June 2018 Nash Connors, P.C. Newsletter
Summer has finally arrived, and the only thing more perfect than Justify winning the Triple Crown is the Nash Connors, P.C. newsletter!  Please enjoy our June edition, which has a great summary of recently-decided cases from New York State.  For those of you going on vacation this month, we hope you have a great time.  Look for our next newsletter after the Fourth of July.
News from Nash Connors, P.C.  

The Small Business Administration gave Nash Connors, P.C. an award last month for being one of the SBA's "businesses of the year."  We are quite proud to receive such an honor from the government!  You can find more info on the award here (hint: Dan and Jim are in the far left-hand corner of the photo).

Jim Nash concluded his three-year term as an elected Director of the Bar Association of Erie County.  During that time, Jim was able to help balance the budget and institute new programming for the 4,000-member organization.
Case Law Update

TOTALLY TUBULAR: Plaintiff, while snow tubing at an adventure park, was tandem-tied with her two daughters' tubes. They slid out of the tubing lane and collided with a metal pole. Defendants moved for summary judgment asserting primary assumption of risk, upon a showing that plaintiff had snow tubed in the past, had made several runs on that day, and that the plaintiff had consented to the tube being spun by the attendant. However, plaintiff raised an issue of fact with proof that the tubing lanes froze up that particular day, which in the past had led to tubers leaving the lane when spun. Further, the park's policy was to prohibit tandem riders under icy conditions, so plaintiff successfully raised a triable issue of fact such that summary judgment was denied ( Thompson vs Windham Mountain Partners, LLC).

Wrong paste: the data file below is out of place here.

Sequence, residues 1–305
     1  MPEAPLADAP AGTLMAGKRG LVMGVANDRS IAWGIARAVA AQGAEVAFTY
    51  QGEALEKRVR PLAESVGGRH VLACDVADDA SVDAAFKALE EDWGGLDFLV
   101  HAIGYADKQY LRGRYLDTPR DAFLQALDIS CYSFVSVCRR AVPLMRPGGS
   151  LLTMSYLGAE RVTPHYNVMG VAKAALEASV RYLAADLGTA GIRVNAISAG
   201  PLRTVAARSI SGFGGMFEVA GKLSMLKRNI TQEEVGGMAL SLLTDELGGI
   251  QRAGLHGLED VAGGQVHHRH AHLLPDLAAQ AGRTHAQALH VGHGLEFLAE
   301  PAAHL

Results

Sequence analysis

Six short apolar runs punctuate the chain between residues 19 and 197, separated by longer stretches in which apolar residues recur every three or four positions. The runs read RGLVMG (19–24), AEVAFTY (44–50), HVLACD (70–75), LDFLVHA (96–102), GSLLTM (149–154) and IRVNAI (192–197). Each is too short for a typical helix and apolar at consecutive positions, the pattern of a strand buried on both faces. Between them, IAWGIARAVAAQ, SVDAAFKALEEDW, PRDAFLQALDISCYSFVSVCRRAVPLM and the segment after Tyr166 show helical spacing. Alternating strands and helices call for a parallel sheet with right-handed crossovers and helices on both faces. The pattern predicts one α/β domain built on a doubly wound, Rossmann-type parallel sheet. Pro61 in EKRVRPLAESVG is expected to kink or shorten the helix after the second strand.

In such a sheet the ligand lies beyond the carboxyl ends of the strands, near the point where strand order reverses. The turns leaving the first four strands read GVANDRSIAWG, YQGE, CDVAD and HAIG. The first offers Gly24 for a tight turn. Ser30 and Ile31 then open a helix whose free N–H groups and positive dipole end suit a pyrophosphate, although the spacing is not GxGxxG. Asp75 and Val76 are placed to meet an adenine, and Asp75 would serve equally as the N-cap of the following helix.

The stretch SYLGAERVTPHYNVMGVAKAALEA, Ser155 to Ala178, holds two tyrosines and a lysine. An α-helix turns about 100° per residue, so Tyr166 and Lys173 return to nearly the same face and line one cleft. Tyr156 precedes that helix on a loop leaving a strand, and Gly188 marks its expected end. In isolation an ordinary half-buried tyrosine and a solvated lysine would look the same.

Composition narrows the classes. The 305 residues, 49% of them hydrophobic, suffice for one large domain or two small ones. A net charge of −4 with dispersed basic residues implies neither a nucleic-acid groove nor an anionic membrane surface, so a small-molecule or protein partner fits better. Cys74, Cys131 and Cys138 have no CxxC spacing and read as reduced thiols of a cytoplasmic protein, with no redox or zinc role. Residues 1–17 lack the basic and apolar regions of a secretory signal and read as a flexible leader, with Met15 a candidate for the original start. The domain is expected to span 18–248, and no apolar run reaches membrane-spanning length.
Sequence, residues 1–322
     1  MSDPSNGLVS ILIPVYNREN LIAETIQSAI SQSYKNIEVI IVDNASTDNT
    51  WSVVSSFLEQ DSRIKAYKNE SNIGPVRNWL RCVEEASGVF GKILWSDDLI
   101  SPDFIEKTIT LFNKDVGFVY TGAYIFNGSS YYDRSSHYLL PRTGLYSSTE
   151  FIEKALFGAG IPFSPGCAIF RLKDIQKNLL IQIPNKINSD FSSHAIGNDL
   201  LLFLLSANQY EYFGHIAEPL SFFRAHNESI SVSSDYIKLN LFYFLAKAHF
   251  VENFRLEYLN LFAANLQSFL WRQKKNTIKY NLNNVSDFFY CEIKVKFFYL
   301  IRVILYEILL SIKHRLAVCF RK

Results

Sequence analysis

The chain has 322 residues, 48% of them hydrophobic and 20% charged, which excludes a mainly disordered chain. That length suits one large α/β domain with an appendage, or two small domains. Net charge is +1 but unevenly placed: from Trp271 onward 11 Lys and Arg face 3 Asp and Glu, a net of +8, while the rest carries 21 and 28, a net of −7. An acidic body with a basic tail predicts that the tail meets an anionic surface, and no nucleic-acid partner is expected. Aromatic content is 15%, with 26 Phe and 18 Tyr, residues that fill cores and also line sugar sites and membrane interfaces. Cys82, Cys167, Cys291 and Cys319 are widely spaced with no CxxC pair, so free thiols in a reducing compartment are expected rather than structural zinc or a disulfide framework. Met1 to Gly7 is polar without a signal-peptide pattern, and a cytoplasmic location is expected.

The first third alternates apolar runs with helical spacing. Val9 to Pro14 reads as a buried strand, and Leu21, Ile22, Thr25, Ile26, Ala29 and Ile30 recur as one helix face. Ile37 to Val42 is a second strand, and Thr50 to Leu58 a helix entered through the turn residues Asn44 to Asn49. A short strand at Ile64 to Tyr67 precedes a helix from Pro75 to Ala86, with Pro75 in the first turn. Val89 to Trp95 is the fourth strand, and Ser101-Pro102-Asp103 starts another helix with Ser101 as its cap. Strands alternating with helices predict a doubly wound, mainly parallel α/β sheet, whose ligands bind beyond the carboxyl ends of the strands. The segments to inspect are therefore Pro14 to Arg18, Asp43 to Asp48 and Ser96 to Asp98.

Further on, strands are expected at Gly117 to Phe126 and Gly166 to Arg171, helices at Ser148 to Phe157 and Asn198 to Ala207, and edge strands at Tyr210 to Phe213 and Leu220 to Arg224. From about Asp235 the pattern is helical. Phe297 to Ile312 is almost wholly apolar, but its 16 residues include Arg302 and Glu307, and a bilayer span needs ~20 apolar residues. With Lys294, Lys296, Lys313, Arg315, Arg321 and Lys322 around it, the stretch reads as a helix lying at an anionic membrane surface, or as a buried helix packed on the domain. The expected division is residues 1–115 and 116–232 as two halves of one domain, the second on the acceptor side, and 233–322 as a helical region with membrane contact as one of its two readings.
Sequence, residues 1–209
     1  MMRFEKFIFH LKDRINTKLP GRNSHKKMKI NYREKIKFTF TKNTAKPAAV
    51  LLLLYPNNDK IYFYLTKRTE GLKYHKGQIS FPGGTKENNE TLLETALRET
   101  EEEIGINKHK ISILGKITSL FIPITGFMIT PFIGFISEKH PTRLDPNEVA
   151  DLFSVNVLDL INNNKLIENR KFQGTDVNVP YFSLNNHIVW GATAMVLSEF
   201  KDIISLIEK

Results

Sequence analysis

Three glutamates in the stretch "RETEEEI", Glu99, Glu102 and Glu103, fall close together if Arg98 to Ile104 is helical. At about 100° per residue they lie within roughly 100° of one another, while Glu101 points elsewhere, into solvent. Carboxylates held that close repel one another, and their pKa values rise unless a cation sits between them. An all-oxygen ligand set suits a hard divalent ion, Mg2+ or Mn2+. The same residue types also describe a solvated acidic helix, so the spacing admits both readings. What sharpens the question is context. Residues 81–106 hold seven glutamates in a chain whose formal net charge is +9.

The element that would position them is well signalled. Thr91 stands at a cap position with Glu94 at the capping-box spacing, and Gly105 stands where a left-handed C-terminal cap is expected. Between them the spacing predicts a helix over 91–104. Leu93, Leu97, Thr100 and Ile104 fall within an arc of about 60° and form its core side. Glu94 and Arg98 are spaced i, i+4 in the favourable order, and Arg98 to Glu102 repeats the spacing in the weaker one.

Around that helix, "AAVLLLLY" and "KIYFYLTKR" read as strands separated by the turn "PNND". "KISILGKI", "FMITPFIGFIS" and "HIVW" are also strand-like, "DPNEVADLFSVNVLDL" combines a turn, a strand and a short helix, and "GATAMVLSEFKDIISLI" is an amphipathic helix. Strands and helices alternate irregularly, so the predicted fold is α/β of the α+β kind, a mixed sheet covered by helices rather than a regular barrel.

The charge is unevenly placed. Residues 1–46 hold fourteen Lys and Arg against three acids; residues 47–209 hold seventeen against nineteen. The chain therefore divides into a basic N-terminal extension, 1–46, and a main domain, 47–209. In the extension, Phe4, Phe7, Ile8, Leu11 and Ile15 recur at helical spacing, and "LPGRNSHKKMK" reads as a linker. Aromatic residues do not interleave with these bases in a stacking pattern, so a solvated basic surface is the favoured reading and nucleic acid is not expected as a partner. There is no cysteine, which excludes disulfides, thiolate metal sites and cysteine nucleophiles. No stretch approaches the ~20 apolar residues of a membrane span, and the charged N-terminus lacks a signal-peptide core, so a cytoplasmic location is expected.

ASSUMPTION OF RISK:  Plaintiff was injured when she fell from a horse during a riding lesson at defendant's stables and her lawsuit was dismissed because of the assumption of the risk doctrine.  The appellate court held that even though plaintiff signed a liability waiver, she was a beginner and had never attempted to mount or ride a horse. The Court held that there were issues of fact regarding whether defendants unreasonably increased the risks associated with mounting the horse by failing to give plaintiff adequate instructions and assistance based on her size, athleticism, and obvious struggles in attempting to mount the horse, and whether there were concealed risks of mounting the horse, i.e., whether the horse was "tacked" properly (Jones vs Smoke Tree Farm).
LABOR LAW, PT I:  Plaintiff was injured while working for a sign maintenance and alteration company after slipping on a landscape rock on the property owned by defendant. The appellate court affirmed dismissal of plaintiff's Labor Law section 200, 240(1) and 241(6) causes of action because plaintiff was not obliged to work at an elevation which is a necessary element for recovery. The evidence showed plaintiff was performing work at eye level and he could have reached the sign from the ground. Thus, inasmuch as it was not necessary for plaintiff to stand on the rock to perform his work, he was not exposed to an elevation-related hazard of the type contemplated by the statute (Maracle vs Autoplace Infiniti, Inc.).